LVIV, Ukraine (AP) -- In a high-profile case that has fueled Russian-Ukrainian ethnic tensions, two men were sentenced Friday to long prison terms for beating to death a Ukrainian composer.

The regional court in Lviv, western Ukraine, found Dmitry Voronov and Yury Kalynin guilty of premeditated murder and sentenced them to 15 and 12 years in prison, respectively, court officials said. The two were also ordered to pay 50,000 hryvna ($9,430) in fines to the late composer Igor Bilozir's relatives.

Bilozir died in late May 2000 following an argument that began in a coffee shop. Witnesses said Bilozir and his friends sang Ukrainian songs and protested Russian pop music playing at the cafe. Voronov and Kalynin were found guilty of beating Bilozir after he left the coffee shop. The two young men denied that the attack was premeditated.

The death of Bilozir prompted protests in the city, a stronghold of Ukrainian nationalist movements.




Kursk Lift to Resume



MOSCOW (AP) -- Deep-sea operations to raise the sunken nuclear submarine Kursk, suspended because of bad weather, could resume Monday, a navy official said Sunday.

Work on the hull was suspended Saturday because of stormy weather in the Barents Sea. The international team of divers and experts overseeing the operation intend to resume deep-sea operations to lift the vessel Monday, Northern Fleet spokesman Vladimir Navrotsky told Interfax.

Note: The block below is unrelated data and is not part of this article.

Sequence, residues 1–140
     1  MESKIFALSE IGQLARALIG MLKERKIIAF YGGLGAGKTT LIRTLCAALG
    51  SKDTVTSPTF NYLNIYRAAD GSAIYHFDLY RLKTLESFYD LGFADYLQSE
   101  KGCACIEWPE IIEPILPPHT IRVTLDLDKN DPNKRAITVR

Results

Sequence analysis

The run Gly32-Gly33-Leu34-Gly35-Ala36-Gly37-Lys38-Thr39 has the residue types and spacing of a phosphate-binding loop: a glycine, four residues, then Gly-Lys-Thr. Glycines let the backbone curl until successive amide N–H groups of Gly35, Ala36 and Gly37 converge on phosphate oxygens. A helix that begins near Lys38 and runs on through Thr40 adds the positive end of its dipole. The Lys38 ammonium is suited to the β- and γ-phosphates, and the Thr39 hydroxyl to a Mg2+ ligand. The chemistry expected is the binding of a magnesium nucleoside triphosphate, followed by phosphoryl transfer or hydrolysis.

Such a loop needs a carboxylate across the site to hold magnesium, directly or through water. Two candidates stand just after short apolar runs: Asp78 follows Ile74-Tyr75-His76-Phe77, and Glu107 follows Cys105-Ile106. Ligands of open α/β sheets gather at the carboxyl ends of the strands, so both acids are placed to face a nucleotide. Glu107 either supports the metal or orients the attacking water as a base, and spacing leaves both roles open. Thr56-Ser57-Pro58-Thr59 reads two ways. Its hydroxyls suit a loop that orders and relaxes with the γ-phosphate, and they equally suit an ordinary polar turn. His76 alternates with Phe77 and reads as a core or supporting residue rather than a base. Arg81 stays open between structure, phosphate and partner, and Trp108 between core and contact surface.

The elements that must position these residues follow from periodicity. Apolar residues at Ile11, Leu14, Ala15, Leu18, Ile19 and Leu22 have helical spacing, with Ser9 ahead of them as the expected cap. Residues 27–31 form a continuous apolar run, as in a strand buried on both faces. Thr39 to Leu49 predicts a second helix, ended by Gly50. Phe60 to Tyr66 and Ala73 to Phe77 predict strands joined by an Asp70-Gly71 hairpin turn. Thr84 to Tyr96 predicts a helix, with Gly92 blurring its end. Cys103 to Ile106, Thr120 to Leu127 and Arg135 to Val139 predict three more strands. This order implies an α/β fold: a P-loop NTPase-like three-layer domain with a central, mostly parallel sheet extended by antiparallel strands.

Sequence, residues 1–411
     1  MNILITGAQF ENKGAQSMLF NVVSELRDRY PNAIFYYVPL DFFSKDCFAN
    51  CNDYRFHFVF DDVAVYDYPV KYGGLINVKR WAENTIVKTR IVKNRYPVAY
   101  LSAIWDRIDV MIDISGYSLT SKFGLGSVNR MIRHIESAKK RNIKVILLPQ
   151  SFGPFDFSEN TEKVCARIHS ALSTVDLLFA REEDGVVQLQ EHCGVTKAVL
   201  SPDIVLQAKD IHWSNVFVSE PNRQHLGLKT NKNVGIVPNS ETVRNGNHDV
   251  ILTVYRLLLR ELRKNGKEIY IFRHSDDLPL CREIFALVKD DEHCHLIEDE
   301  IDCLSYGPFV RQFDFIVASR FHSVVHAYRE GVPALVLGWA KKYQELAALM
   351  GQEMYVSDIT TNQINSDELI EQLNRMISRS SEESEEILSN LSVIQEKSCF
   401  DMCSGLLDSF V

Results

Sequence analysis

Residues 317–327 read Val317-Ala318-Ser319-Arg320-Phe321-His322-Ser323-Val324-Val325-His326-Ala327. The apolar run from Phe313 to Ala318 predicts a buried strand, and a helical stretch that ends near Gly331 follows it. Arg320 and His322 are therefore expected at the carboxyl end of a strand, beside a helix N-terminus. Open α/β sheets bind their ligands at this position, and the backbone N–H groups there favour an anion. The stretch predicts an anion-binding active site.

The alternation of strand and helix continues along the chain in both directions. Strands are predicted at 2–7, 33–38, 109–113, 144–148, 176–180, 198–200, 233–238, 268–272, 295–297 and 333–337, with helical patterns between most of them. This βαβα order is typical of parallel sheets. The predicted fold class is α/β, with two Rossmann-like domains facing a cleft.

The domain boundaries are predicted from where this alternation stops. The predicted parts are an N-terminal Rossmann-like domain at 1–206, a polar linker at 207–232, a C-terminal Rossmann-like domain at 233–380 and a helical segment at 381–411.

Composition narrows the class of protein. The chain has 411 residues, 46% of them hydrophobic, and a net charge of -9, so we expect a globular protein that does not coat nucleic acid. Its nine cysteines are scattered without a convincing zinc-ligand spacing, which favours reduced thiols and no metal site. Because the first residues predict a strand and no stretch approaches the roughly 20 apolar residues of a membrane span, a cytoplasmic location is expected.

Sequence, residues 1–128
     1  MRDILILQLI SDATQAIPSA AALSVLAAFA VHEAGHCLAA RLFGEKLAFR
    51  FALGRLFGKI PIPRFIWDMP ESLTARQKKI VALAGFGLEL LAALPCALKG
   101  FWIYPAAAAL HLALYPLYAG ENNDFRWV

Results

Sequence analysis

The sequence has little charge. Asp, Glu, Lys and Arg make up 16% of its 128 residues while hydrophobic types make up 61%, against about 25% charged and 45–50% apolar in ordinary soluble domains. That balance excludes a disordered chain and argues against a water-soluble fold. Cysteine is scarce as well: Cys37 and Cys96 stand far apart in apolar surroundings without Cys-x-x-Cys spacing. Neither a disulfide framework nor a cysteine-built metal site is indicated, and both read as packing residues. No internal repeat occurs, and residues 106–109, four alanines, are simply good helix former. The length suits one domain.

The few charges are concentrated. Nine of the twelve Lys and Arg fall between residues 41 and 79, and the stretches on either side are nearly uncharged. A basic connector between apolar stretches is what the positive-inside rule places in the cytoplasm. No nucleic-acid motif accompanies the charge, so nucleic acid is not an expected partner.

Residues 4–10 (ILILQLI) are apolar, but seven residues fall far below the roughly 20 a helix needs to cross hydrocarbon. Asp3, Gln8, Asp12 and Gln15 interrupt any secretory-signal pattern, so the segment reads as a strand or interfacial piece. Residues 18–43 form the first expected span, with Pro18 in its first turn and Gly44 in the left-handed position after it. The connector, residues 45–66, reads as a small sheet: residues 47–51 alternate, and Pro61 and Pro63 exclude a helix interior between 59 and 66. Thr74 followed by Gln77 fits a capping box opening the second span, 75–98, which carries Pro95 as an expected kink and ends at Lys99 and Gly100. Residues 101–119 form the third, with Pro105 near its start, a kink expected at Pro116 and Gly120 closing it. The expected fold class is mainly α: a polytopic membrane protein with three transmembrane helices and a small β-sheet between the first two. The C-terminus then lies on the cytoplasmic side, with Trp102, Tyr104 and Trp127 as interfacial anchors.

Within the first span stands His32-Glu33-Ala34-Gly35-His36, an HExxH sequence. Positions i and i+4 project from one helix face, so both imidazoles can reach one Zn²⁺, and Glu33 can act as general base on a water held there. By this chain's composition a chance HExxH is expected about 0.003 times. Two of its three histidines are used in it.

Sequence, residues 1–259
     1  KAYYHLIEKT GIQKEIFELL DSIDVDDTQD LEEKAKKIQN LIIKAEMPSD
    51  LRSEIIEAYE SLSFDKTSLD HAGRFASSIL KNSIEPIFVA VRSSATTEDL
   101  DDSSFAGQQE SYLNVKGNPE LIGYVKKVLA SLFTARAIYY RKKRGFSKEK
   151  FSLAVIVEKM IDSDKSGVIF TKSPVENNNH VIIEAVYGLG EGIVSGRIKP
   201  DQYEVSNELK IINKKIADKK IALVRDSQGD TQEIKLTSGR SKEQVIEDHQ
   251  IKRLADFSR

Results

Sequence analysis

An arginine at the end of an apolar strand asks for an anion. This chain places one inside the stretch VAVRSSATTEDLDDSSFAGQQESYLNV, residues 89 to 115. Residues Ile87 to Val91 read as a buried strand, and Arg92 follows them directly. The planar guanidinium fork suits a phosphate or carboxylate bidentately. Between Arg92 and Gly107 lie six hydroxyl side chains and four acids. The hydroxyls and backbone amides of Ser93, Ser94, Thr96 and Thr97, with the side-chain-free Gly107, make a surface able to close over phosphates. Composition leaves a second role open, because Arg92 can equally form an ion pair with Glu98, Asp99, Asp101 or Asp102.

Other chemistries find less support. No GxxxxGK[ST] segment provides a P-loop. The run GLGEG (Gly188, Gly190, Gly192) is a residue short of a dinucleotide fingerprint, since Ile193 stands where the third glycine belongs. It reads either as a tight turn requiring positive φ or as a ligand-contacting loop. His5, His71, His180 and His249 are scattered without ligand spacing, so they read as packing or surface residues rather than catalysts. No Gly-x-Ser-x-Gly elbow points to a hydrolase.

"But they need three or four days of good weather for this," Navrotsky said.

A jumbo barge that is to raise the sunken submarine stayed at the site of the ambitious operation Saturday and Sunday despite rough seas that have pushed back the lifting date. The Giant 4 barge was last week anchored over the submarine in preparation for the lifting of the vessel before weather delayed the operation.

Deputy Prime Minister Ilya Klebanov, in charge of the government commission on the Kursk, was to fly to Murmansk late Sunday, and later observe the operation to raise the submarine, Itar-Tass reported.




For the Record



The city's heating systems will go through a test phase this week before going into full operation Oct. 8-10, Interfax reported Saturday. Schools, hospitals and other public-sector organizations will be the first to receive heat, followed by residential buildings and industrial sites. (MT)

Iranian Defense Minister Ali Shamkhani is due to arrive in Moscow on Monday to discuss an upgrading of military cooperation between Russia and Iran, Interfax reported Sunday. He was set to meet with Defense Minister Sergei Ivanov and other officials.(AP)

Cambodian Prime Minister Hun Sen announced the postponement Friday of an official visit to Russia, slated for Oct. 1-4, because of the "complex" international situation since the Sept. 11 terrorist attacks against the United States. (AP)

Ukraine and the United States have finalized details on the usage of Ukrainian airspace by U.S. military transport planes, officials said Saturday. If needed, U.S. aircraft will fly over Ukraine at an altitude of no less than 9,100 meters and may use three military airfields and several air corridors, according to Interfax.